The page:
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So this started as a comment on Peter’s great post below but took on a life of its own. Peter humorously accuses Deneen and his fellow travelers of a kind of insincerity since they seem to take great enjoyment in the many advantages afforded us by the modernity they often  disdain. I won’t go so far as to call this an hypocrisy because that really is too strong, and I really do think they’re forwarding their position with the best of intentions, and because the two Porchers I’ve met and worked with in some capacity (Deneen and Shiffman) are about as great a pair of guys as you’re ever going to encounter.

That being said, the charge of insincerity has a serious theoretical component to it since it’s related to their selective romanticization of the pre-modern localism they characteristically embrace. Porcher localism lionizes the community but tends to suppress the extent to which these communities grew out of and existed under the specter of real necessity . . . one lived an agrarian life not primarily because it was the best available option for achieving the Good Life or because one rationally assessed it to be the avenue most consistent with our natural capacity for virtue but rather because no other option presented itself at all.

In the Third Discourse, Descartes playfully and ironically praises the Stoic notion of “making virtue of necessity” which means engendering a salutary sense of resignation in the face of a world that resists our attempts at rational control. The clearest indication that Descartes is insincere is that he uses sickness as an example, precisely one of the conditions we must learn, through the advances of science, to resist, and finally even our very mortality. In this sense Descartes is more Machiavellian than Stoic—virtue is the imposition of one’s own  forms on the opportunity provided by fortune.

I bring up Descartes because the Porcher position has an element of Stoicism to it—instead of the destructive modern posture towards nature, that same comportment that eventually corrodes the local ties that bind us together, they recommend that we inculcate a certain measure of resignation in regard to our natural limitations and live more simply. They truly and un-ironically want to make a virtue of necessity.  The problem for the Porchers is that their Stoicism doesn’t seem to have a satisfying political program since no one expects the world of modern technology to recede in such a way that it reintroduces the conditions for the kind of community they pine for. They are stuck with a new necessity, the necessity of accomodating themselves to the modern world they have little choice but to inhabit, but they paradoxically confront that new necessity with a conspicuous dearth of Stoic resignation—they want to transform the world they live in, by dint of rational planning and philosophical criticism, into one that powerfully resists the typically modern hubris associated with such planning. They want to manufacture a community that originally arose organically out of the political, cultural, and socioeconomic conditions that both necessitated it and nourished it.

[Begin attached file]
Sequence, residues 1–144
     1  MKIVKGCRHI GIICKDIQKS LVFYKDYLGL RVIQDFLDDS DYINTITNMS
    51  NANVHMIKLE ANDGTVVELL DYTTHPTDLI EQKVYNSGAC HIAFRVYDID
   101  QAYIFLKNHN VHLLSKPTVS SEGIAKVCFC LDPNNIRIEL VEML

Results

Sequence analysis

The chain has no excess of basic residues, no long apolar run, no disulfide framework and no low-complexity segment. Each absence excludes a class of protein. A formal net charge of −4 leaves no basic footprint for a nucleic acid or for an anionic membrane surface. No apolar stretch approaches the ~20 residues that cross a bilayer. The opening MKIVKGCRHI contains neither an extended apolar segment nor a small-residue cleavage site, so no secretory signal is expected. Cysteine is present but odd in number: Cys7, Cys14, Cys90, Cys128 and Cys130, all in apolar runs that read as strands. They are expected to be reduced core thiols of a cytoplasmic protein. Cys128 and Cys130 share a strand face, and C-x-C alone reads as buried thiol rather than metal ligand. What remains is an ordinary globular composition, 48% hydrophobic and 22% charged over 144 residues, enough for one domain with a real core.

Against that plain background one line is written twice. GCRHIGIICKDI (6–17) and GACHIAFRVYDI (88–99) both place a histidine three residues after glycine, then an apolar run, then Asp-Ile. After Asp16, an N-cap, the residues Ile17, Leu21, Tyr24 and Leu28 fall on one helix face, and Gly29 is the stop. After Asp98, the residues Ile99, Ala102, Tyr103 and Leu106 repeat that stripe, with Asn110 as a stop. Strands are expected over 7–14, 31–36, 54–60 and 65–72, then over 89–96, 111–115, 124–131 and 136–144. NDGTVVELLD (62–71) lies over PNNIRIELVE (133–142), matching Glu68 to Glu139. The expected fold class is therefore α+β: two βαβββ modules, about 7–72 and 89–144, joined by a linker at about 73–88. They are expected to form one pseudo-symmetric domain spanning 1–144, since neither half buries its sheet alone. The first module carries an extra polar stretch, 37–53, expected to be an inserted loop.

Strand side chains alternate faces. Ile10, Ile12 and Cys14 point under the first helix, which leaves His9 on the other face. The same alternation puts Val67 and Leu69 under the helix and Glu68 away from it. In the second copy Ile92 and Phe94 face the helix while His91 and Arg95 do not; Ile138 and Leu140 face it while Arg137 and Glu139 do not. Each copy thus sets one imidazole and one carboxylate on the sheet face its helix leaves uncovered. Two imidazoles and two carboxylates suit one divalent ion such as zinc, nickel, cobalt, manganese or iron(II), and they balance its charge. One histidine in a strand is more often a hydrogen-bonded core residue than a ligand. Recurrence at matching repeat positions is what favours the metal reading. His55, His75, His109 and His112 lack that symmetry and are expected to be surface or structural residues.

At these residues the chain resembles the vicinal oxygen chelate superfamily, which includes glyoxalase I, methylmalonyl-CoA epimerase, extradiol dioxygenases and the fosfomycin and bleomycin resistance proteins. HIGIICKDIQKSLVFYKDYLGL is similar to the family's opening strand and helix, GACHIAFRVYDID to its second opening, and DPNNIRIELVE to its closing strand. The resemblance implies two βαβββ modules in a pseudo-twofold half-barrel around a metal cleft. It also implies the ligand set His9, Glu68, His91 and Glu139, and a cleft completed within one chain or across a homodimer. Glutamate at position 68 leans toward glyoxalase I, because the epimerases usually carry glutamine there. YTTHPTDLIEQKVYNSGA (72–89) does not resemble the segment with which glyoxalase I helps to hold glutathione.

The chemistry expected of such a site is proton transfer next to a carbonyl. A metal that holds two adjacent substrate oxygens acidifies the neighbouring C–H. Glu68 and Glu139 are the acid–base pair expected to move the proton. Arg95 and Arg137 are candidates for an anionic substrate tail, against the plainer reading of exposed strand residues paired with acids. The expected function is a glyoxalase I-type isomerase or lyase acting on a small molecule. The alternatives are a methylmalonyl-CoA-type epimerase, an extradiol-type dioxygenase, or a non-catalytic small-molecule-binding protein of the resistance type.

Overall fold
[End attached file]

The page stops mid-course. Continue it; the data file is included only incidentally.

The fact of the matter is that Deneen can partially live the localist ideal and partially experience his cosmopolitan freedom to do quite a bit of traveling around the country and the globe (and yes, so there’s no confusion, I do envy his travel budget). His localism is much more modern than he or the Porchers admit since they have replaced the necessity that typified real, historical, pre-modern communities with a heavy does of choice—instead of making  a virtue of necessity they argue for a kind of necessity that no longer tethers them, that they can freely opt of of when it suits their purposes. My tendency is to think they they interpret this localism not through the lens of those who experienced it in its original form, but for those who already live very modern lives-for avowed enemies of modern abstraction their own view of local living is remarkably abstract. My overall point is something like this: we should not confuse the philosophical argument in favor of the local community, or a very reasonable attraction to its many virtues, with either the possibility or desirableness of that arrangement for us today.

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